My love for music is fierce. At 8 years old, I asked my mom for a dollar so I could join the Kiss Army, she obliged and I still have my pin to this day.
I am a music snob and here’s why: growing up there was always music in my house. My parents were always playing their “jitterbug” music and my three older sisters had their own musical tastes.
My older sister Beth is a rock n roll/folk music kind of gal who played guitar: 12-string guitar. She often sang me to sleep, playing Cat Stevens songs on that thing. My sister Peggy is our Dancing Queen. She taught me The Stroll and The Hustle.
She is still the first one up for the line dances at weddings. My sister Helene became the reason why I love New Wave, most commonly know as Post-Punk these days, and would have to drag me around at my mother’s behest with her friends.
I went hard into Post-Punk, falling in love with Duran Duran, Echo and the Bunnymen, The Psychadelic Furs and The Cure, but wanted something that was mine. One of my sister Helene’s friends advised me to listen to college radio and when in a record store (all hail 3rd Street Jazz!), to pick up any band whose name caught my attention. WPRB in Princeton led me to dive (literally stage dive) into Punk Rock and Hardcore.
My new favorites became Black Flag, The Clash and Minor Threat, not to mention the Goth bands of the day: Sisters of Mercy, Red Lorry, Yellow Lorry and Christian Death. Yes, I wore all black, all day and my eyeliner was on point.
You see, this was the beauty of loving music in the 80’s. You had to work for it. You had to research it, listen deep and go hard. For me, it was a passion and a coping mechanism. Music saved my life on more than one occasion.
I miss the making of the mix tape and designing my own covers for them. I’ve become addicted to making playlists on Spotify, but it’s not the same. Its so different now with music and I knowyounger generations may not get it but here are 5 ways that music was different for us old heads.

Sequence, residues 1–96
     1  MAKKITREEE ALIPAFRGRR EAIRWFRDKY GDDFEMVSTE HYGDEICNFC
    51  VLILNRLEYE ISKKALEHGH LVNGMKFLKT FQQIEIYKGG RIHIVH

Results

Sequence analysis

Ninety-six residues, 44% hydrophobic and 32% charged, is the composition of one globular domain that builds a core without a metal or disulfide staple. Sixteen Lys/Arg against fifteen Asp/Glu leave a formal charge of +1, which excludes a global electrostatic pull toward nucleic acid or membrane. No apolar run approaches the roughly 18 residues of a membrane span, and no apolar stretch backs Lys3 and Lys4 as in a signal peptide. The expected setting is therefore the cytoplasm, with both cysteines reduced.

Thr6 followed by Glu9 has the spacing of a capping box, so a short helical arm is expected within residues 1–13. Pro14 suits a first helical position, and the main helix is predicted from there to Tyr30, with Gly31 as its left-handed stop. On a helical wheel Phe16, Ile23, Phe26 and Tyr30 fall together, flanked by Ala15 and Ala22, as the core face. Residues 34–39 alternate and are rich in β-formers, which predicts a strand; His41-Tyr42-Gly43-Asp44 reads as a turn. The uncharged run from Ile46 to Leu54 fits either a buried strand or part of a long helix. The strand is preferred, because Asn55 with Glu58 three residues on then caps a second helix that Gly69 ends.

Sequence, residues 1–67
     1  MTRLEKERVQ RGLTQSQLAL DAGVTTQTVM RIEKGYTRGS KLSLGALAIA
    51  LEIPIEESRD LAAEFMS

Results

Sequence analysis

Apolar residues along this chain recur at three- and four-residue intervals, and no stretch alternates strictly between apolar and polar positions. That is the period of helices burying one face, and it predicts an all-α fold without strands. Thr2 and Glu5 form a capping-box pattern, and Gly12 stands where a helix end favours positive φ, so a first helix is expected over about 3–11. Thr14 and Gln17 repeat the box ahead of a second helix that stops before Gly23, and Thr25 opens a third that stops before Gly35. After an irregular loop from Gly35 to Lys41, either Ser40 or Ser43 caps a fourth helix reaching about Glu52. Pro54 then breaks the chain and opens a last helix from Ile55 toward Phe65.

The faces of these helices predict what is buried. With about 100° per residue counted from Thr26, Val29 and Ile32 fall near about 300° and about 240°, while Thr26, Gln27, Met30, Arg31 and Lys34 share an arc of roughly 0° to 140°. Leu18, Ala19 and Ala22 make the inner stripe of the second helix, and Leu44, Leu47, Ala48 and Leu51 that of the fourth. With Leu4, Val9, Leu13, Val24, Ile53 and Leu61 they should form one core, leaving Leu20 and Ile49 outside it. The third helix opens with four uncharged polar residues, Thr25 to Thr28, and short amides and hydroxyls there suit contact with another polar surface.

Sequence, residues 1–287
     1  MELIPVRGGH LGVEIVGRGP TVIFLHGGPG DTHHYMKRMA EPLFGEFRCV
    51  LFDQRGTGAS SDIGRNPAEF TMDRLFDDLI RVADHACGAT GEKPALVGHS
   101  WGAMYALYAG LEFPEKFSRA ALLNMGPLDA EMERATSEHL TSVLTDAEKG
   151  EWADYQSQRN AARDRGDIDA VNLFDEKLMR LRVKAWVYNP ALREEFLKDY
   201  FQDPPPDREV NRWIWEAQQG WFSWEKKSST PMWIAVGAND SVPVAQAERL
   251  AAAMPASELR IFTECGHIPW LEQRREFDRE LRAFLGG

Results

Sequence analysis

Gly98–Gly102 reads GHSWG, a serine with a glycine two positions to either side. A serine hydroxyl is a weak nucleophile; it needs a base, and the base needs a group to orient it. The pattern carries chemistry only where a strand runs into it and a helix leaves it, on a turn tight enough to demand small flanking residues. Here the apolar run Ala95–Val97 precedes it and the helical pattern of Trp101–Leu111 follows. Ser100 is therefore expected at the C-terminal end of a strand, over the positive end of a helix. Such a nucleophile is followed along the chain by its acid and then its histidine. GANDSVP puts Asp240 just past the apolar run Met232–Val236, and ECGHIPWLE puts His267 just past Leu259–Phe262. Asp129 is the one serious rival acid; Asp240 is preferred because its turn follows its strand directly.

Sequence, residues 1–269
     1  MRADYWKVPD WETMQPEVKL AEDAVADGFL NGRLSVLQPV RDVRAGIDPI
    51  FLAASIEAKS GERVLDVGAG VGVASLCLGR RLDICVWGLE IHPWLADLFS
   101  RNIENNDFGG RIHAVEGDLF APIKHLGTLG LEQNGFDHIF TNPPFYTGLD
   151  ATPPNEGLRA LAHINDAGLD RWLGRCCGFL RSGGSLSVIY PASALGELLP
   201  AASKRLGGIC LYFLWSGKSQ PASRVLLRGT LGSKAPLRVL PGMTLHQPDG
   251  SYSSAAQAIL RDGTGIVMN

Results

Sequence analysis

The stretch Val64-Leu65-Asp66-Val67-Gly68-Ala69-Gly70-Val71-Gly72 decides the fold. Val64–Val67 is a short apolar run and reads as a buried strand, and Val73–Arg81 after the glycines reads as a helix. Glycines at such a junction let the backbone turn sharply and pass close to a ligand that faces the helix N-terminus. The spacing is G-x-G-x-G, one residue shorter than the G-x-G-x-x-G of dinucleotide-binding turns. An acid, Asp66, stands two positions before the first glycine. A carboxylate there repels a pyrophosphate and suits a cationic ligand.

- You were all in. Your heart and your soul was in it. I still have a radar check for good music: if the hair on my arms doesn’t go up after hearing a song, I’m out.
- You had to listen to the whole album, yes I said album, meaning vinyl. Start to finish, you couldn’t just download a song and be done, you had to buy the whole thing…record, cassette tape or CD. You were nervous you were going to miss some buried treasure if you didn’t.
- And once you bought the whole album you were married to it, it was a serious relationship, in it for the good and bad, and a conversation piece with your friends. Especially those boys you were hoping to chat up.
- Music was an escape. I think in ways it still is but then it was your own oasis. Like a good book, music takes you to far off places and provides a space to sort your emotions out.
- The skills you require when listening to music were more detailed then. You had to wait for something, a riff, lyric or just for an album to drop, so you learned the value of patience. Just like pictures these days; we had to wait at the Fotomat for 3 days for our pictures. Now its instant. I used to have to sleep out for concert tickets. I would sleep out at The Spectrum or outside the record store in a tent or sleeping bag just to get tickets to a show, now I just have to listen to hold music or count the waiting time online, not that I would want to do that at 48, but well, sigh.
Although the styles and formats have changed, music can still be that marital relationship it once was, if we just allow for it to flow through our veins and engage in the ups and downs and good and bad that it unveils to us. Digital does not have to be the end of the relationship, just a different way of loving.